Maurice said the biggest difference he’s noticed with Comrie is that he’s been able to take the work he’s done through the offseason and training camp and have it translate into the games.

“He’s been stopping pucks, solid, strong, and highly consistent in his practices. What we’re seeing in the games doesn’t look any different than the off days,” said Maurice. “He’s had a month and a half of being in front of a hockey team and playing exactly the way he’s been playing in the games.

“For Eric, what we know about him from day one is this freakish consistency of personality. That after the second week you meet him you think ‘that can’t be him, nobody is that nice,’ or ‘nobody works that hard every day.’ A couple of years after, you just go ‘that’s just Eric Comrie.’ It doesn’t change his day. There is no manifestation of change that you say he’s a different guy now, now he’s trying, or now he’s buckling down, or now he’s pissed off. His strength, his gift, is his ability to mentally train and mentally perform the same way every day.”

Dating back to his lone NHL last season with the New Jersey Devils, Comrie is riding a personal three-game winning streak.

He’s carried the load at the junior level and in the AHL, but this is the first time he’ll start three consecutive games in the NHL.

There are some obvious benefits to going mere days between months, rather than a 10-month block - which was the case prior to his start against the Los Angeles Kings on Oct. 28.

“It’s more what I’ve been used to over my career,” Comrie said on Thursday, before he knew of Hellebuyck. “I guess the last little bit it’s been a little bit longer waits. Over the first bit of my career, it’s been playing almost every single day. So that’s what I’m used to and what I like doing.”

No NHL team wants to be without its starting goalie for an extended period of time, but for guys like Comrie, this is a massive opportunity to cement his NHL credentials.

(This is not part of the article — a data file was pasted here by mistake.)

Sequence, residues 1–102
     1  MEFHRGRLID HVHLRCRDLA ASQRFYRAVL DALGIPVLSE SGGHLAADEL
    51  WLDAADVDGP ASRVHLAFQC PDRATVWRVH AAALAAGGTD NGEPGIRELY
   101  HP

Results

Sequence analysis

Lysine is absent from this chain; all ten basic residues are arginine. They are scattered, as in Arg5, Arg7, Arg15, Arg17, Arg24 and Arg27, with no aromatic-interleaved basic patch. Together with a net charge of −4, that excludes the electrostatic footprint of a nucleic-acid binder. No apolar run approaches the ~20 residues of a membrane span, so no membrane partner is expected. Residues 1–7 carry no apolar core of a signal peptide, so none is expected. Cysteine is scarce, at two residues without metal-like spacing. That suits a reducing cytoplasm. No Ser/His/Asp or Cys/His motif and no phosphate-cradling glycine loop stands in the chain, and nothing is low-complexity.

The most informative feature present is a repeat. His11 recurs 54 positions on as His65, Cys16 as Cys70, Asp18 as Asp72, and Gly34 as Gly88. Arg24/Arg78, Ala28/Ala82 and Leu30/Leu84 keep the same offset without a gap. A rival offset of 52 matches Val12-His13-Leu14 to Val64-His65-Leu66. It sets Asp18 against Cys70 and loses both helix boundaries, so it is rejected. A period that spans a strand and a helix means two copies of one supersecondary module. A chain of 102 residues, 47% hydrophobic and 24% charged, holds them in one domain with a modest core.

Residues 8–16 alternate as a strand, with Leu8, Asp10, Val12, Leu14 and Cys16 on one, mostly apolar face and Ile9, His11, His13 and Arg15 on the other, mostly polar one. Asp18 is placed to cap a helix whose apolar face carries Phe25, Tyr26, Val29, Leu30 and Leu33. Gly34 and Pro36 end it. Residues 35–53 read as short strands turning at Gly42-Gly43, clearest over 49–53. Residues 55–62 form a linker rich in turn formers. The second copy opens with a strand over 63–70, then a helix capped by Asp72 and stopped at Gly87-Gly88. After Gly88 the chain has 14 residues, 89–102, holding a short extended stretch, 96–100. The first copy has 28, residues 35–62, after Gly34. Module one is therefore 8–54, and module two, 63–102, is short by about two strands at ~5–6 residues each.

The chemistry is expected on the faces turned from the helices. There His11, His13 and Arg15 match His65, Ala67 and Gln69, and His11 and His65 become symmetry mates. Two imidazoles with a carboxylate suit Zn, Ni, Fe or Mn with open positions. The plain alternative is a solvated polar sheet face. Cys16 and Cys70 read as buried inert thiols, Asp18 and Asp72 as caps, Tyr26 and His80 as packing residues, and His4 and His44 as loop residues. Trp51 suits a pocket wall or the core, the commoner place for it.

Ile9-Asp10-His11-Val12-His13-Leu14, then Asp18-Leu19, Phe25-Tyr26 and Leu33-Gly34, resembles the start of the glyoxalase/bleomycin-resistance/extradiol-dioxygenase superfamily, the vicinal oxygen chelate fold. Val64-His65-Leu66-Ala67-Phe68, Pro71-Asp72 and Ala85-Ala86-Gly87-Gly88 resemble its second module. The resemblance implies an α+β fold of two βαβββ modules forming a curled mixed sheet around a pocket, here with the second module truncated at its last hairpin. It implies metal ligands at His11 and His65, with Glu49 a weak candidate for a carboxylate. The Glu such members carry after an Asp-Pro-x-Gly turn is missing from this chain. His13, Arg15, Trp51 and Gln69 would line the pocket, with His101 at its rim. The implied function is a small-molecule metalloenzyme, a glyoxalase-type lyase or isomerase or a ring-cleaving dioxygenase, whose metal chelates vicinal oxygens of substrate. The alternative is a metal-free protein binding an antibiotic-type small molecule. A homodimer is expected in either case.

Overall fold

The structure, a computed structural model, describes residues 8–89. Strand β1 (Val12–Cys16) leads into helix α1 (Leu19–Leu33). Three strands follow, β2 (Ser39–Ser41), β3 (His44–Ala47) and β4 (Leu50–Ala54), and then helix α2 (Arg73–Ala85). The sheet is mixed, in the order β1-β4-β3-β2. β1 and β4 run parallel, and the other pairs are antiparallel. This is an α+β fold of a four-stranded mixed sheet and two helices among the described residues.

“Yeah, I think the biggest thing for (Comrie) is you talk to anybody, coaches, players, he’s one of the nicest, most hard-working guys every day. Seems like he’s got 1,000 shots and he’s still coming down to work with you at the end of practices and I think those are the guys you want to root for and play,” said Jets defencemen Brenden Dillon. “Not that you’re going to play harder, but you want success for those guys. And to see for him, he’s been with the organization for quite a few years now, he’s had some little stops with other teams and he’s proud to be a Winnipeg Jet and you want to see success happen for those guys. Everyone is happy for him. He’s getting a great opportunity here with Helle out for a little bit, and I think you can hope he continues to build on it.

“You understand how tough it is for him to play behind such a great goalie in (Hellebuyck) and when you only know you’re maybe playing eight, 10 games during a season, you understand how tough that is to go in and expect to be as good as the guy you partner is. You’re playing hard every single night but you just want to, whether that’s the extra clear or the extra blocked shot, maybe just not trying to rely on him, and not that we do that with Connor at all, I don’t know if I’m circling a bit, but you just want to do your best for that guy because of the situations, back-to-back games where your team is a little more tired, you try to find that extra gear. You just want to do the best for both of your goalies.”